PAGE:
Allowing William to spend a night at his house Lenard soon bonds with William and the two become good friends. William one day then overhears Lenard talking on the phone to one of his associates about the business’s struggles. William afterwards then decides to help Lenard realizing that he isn’t such as bad as the tabloids say he is. The two begin to work hard together to build the company’s reputation back up, but when things begin to get better again a rival of Lenard’s Neel Hibachi hires the paparazzi to sabotage his reputation once more to try to finish off Lenard for good.

    Overcoming Hibachi through a series of trials where Lenard struggles and succeeds Lenard finally manages to get his company back on track just in time for Christmas. With business booming even more than it was before. With the extra money Lenard has he decides to donate the money to a charity William recommends to him. The final battle Lenard must now overcome is William. Lenard and William have become good friends, but Lenard is old and knows he won’t have the strength to raise William.

    Lenard finds a family to raise William, but William wants to stay with Lenard no matter what. Lenard wishes William could stay but he knows it’s for the best that he goes. After a long talk with William he manages to convince Williams it’s for the best. Before leaving for good Lenard promises William he can come back anytime. With his full of tears he waves as William drives off with his new family.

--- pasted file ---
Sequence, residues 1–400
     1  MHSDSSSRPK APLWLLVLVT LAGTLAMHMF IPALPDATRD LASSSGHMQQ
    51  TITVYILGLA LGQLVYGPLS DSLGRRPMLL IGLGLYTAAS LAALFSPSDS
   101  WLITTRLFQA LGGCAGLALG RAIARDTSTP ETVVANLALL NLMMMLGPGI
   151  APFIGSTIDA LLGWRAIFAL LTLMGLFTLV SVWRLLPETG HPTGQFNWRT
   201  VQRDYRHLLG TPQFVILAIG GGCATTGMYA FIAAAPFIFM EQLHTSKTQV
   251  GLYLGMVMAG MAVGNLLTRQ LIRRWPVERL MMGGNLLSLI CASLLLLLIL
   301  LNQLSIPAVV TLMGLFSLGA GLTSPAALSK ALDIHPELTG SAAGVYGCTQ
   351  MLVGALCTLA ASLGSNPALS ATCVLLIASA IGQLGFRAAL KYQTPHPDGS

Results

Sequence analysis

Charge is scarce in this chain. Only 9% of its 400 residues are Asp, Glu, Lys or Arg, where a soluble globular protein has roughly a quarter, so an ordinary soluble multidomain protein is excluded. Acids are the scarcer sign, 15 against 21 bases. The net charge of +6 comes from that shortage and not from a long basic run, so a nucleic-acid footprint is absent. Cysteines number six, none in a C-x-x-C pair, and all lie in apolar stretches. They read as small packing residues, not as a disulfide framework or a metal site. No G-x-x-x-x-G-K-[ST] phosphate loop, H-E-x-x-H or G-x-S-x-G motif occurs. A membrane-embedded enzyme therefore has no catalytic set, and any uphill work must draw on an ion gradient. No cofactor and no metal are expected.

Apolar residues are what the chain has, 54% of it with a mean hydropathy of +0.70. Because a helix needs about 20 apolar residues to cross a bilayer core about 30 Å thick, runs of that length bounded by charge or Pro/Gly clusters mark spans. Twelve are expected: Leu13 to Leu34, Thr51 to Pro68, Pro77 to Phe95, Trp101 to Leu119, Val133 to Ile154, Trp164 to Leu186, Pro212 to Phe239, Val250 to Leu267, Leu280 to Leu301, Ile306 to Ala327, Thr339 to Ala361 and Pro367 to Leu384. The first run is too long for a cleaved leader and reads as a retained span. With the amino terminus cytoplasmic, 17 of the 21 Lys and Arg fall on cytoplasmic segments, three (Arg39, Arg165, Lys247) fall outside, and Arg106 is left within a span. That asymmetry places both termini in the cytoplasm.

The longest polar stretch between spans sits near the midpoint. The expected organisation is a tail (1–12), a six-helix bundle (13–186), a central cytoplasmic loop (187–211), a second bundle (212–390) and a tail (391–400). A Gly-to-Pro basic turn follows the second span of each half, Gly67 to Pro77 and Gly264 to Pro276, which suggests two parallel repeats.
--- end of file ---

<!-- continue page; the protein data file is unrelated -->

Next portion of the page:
Lenard goes inside to find a note lying on his table written by William. Lenard reads the note and smiles as snow begins to fall outside.


    Anyways there's the plot. In my eyes I thought it came out ok, but now overlooking it I'm not sure what to consider it.
     
  2. ChickenFreak
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    ChickenFreak Contributing Member Contributor

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    The core premise--why the public hates Lenard, how the kid helps him to make the public stop hating him--isn't covered in any detail. Without that, it's hard to judge the story. I realize that you say that they hate him because he doesn't talk much and doesn't donate much to charity, but that doesn't strike me as a sufficient reason.
     
    Mike Hill likes this.
  3. theoriginalmonsterman
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    theoriginalmonsterman Pickle Contest Administrator Contributor

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    Thus why I hate this plot.
     
  4. ChickenFreak
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    ChickenFreak Contributing Member Contributor

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    It's not necessarily a bad plot, it's just not fully a plot yet. It's some situations without sufficient plot to glue them together.
     
  5. Shadowfax
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    Shadowfax Contributing Member Contributor

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    I know that this is a Christmas story, but I don't know if this is supposed to represent reality
     
  6. theoriginalmonsterman
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    theoriginalmonsterman Pickle Contest Administrator Contributor

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    I see what you mean by this. I went ahead and read over my plot again, and made a few improvements that I'll post in a little bit.

    I went back, and changed how that sounded. Hopefully when I get a chance to post the revisions you'll see what I meant.